To determine whether NV sales are at a different LOT than EP or CEP sales, we examine stages in the marketing process and selling functions along the chain of Start Printed Page 30702distribution between the producer and the unaffiliated customer. If the comparison market sales are at a different LOT, and the difference affects price comparability, as manifested in a pattern of consistent price differences between the sales on which NV is based and comparison-market sales at the LOT of the export transaction, we make an LOT adjustment under section 773(a)(7)(A) of the Act. Finally, for CEP sales, if the NV level is more remote from the factory than the CEP level and there is no basis for determining whether the differences in the levels between NV and CEP sales affect price comparability, we adjust NV under section 773(A)(7)(B) of the Act (the CEP offset provision). See Notice of Final Determination of Sales at Less Than Fair Value: Certain Carbon Steel Plate from South Africa, 62 FR 61731 (November 19, 1997).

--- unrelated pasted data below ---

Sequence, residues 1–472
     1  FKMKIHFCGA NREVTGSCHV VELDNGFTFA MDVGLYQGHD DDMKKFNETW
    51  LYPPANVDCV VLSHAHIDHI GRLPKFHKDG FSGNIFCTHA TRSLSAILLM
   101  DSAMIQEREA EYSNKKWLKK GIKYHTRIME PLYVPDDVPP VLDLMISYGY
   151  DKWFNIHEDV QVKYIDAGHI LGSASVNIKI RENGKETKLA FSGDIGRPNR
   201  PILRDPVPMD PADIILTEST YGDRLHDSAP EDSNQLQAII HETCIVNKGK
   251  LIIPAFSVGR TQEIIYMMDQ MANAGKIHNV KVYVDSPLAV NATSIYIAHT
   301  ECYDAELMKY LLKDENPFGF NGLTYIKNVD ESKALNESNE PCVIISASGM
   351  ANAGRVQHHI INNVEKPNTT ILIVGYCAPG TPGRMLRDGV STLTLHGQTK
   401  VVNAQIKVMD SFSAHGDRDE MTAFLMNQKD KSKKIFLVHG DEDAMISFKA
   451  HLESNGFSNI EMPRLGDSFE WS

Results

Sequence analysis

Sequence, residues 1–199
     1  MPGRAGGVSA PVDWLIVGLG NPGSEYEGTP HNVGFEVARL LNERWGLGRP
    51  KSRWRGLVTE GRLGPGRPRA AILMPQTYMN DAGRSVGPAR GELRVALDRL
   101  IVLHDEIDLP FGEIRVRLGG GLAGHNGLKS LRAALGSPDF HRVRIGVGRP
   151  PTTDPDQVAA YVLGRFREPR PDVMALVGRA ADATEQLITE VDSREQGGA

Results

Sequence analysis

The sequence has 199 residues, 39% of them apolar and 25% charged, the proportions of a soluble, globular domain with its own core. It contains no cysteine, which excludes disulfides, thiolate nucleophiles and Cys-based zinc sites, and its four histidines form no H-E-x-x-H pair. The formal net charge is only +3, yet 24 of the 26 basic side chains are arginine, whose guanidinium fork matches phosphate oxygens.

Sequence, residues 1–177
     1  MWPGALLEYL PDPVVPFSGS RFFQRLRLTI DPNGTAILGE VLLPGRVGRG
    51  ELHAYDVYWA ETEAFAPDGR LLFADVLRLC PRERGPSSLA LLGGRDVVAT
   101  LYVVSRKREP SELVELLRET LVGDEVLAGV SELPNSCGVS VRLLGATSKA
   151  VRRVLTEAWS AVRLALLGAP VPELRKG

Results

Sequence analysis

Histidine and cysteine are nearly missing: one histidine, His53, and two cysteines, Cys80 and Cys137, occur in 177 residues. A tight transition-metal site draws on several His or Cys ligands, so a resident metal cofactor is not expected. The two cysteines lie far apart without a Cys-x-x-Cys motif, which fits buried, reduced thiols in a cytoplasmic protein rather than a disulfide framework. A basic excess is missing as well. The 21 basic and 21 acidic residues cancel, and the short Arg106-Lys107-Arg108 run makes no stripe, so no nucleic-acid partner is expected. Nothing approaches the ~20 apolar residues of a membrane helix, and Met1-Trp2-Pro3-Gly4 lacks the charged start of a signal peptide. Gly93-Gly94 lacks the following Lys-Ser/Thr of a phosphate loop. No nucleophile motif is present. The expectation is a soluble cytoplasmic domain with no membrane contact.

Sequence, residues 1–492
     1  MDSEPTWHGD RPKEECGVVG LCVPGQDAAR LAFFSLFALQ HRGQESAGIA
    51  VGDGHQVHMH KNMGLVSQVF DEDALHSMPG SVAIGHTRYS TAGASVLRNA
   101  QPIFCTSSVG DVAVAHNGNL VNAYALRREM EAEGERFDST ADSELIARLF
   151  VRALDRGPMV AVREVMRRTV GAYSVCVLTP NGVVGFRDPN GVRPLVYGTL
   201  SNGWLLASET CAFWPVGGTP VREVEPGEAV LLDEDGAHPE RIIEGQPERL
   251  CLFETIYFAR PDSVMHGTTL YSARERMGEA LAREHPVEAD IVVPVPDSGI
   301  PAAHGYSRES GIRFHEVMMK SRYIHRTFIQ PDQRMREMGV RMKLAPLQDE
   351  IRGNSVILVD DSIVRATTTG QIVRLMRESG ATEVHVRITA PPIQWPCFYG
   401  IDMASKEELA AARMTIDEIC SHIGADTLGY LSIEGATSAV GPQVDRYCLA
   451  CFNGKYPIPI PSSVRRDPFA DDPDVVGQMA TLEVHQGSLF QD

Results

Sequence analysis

In the present review, POSCO requested a LOT adjustment or a CEP offset if the Department determines that POSCO's sales through POSAM are CEP sales. (As noted above, we have preliminarily determined that all of POSCO's U.S. sales through POSAM are CEP sales.) To determine whether an adjustment was necessary, in accordance with the principles discussed above, we examined information regarding the distribution systems in both the United States and South Korean markets, including the selling functions, classes of customer, and selling expenses.
In both the home market (“HM”) and U.S. market, POSCO reported one level of trade. See POSCO's August 14, 2000, Section A response, at A-11-12. POSCO sold through two channels of distribution in the HM: (1) Directly from its mill to unaffiliated end-users/OEM's and affiliated and unaffiliated service centers; and (2) through POSTEEL to unaffiliated end-users/OEM's and unaffiliated service centers. POSCO sold through two channels of distribution in the U.S. market: (1) Through POSAM to unaffiliated trading companies; and (2) through POSTEEL to POSAM, and then to unaffiliated trading companies.